The movie is based on the very popular 1906 novel by Rex Beach. Before his successful career as a novelist and playwright, Beach prospected for gold in Alaska. He didn't have any luck, but his personal observation of corrupt public employees robbing miners became the inspiration for his second novel. Other silver screen versions were released in 1914, 1923, 1930 and 1955. You can find a copy of the book here.
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The Wikipedia entry for The Spoilers has this plot summary:
Nome, Alaska, 1900: Flapjack and Banty come to town to check on their gold mine claim. Saloon owner Cherry Malotte is aware of the corruption all around, including that Bennett and Clark are out to steal the men's claim.
In on the crooked scheme is the new gold commissioner, Alexander McNamara, as well as the last word of law and order in the territory, Judge Stillman. So the bad guys usually get their way.
Cherry's old beau, Roy Glennister, returns from a trip to Europe. He is attracted to Helen Chester, the judge's niece. Roy makes the mistake of siding with McNamara, damaging his relationship with his longtime partner, Al Dextry.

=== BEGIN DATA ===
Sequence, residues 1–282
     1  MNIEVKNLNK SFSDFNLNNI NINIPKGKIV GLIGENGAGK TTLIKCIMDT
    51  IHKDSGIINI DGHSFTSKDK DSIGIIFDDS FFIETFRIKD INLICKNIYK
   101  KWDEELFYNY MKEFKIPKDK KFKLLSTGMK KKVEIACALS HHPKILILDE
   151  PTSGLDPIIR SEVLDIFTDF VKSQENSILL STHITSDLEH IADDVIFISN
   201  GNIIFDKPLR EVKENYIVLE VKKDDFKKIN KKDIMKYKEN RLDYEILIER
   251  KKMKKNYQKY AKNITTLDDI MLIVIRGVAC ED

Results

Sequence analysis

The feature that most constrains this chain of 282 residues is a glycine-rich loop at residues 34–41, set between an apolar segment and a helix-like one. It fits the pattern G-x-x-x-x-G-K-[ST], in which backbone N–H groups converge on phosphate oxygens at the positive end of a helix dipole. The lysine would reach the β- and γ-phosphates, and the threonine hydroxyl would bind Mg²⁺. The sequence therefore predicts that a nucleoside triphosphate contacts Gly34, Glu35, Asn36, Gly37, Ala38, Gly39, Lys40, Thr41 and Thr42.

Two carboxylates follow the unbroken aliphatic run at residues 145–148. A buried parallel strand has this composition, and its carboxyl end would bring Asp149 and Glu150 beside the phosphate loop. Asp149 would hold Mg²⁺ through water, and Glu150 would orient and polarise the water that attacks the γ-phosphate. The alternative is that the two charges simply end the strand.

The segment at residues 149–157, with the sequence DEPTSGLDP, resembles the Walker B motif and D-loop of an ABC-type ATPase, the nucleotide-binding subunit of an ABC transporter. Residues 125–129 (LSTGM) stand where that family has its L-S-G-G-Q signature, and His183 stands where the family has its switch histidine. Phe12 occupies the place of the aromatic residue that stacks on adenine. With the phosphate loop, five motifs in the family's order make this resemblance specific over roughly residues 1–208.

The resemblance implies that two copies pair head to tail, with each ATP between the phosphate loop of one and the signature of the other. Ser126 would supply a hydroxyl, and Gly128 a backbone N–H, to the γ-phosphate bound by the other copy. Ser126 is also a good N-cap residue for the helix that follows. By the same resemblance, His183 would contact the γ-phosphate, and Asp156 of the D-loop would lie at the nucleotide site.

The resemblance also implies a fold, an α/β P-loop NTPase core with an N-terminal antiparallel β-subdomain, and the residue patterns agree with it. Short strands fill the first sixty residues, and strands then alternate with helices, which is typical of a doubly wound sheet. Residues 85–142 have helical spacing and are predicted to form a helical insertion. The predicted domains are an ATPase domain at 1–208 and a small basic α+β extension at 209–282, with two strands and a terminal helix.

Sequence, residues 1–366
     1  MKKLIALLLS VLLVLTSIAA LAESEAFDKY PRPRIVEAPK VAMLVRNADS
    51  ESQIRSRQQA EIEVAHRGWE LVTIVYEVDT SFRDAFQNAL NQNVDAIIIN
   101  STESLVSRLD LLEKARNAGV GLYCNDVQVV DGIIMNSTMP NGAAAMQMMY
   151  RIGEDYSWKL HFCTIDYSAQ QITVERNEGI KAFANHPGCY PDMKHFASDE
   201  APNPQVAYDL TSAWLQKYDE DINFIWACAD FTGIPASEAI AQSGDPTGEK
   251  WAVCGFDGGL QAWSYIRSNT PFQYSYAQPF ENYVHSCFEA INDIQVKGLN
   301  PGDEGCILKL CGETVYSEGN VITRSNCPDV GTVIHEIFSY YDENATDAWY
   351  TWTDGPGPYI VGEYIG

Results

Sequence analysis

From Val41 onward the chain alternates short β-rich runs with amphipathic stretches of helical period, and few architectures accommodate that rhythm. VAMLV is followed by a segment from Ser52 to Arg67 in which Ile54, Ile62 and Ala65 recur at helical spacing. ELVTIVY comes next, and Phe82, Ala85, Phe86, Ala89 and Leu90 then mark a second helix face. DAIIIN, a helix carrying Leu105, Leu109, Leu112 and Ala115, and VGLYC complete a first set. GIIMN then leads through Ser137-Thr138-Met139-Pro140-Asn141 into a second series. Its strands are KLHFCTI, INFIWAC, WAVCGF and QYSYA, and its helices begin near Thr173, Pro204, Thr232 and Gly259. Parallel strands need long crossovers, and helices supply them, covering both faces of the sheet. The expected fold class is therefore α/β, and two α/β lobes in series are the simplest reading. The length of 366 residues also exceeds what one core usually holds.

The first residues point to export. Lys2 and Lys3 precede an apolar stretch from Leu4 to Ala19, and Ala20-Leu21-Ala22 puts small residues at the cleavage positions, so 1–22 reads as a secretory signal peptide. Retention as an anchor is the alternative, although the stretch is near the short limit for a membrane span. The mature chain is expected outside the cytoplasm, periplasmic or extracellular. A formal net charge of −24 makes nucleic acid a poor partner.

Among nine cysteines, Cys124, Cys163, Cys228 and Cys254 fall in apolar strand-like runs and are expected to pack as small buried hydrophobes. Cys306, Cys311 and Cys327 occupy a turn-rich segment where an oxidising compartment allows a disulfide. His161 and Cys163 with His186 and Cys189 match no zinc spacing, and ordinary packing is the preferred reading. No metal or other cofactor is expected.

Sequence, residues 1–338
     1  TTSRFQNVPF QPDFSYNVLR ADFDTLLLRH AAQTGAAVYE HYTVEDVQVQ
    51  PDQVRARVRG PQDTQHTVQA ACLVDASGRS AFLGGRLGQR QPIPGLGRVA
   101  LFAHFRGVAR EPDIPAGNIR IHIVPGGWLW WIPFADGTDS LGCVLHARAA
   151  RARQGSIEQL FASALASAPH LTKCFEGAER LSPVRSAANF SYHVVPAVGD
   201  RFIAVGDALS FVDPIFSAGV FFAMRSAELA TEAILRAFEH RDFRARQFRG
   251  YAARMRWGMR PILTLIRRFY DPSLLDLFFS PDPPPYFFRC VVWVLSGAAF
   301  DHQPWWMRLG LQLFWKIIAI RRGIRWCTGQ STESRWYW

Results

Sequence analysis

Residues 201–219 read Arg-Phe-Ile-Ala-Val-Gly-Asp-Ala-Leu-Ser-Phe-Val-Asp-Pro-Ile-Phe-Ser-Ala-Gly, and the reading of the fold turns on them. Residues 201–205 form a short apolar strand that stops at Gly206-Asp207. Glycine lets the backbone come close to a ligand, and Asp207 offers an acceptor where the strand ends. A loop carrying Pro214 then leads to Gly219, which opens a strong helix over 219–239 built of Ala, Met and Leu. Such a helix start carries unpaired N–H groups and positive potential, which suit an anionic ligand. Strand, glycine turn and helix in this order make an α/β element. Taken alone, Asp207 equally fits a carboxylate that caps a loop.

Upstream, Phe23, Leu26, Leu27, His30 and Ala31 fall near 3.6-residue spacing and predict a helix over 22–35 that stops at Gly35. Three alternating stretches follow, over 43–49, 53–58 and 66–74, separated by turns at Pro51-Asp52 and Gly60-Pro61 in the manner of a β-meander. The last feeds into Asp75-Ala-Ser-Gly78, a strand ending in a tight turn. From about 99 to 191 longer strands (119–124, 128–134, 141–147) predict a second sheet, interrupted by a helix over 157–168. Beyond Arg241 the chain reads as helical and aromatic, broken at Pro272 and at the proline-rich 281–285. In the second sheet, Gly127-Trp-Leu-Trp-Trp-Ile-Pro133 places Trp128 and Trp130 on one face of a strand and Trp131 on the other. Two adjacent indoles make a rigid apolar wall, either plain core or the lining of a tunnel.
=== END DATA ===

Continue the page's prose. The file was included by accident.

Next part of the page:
Roy realizes he's been deceived as McNamara and Stillman prepare to steal at least $250,000 while the mine's case awaits appeal. Helen is now in love with Roy, who begs Dextry's forgiveness and persuades him to rob a bank to take back the wealth stolen from them. Both Glennister and Dextry don black faces to disguise themselves.
The Bronco Kid kills the marshall but Roy gets the blame. He is arrested and a plot forms to kill him, but Cherry comes to his rescue, breaking Roy out of jail. A fierce fistfight with McNamara results in Roy getting back his mine and his girl.
I recently watched The Spoilers. It's a mildly entertaining vehicle for all three stars, and I always enjoy watching Randolph Scott.
At one point Wayne & his partner put on blackface as a disguise. When it comes time to remove it, he says “Let’s get rid of this #Alabama tan first”
I have been unable to find any information about the source of blackface being described as an "Alabama tan". That phrase does not appear in the novel, and a cursory Google search produced nothing. I have no idea whether or not the phrase appears in other film versions of the book. Perhaps it was an invention of the screenwriters of this version, Lawrence Hazard and Tom Reed.
if you have any ideas, leave a comment!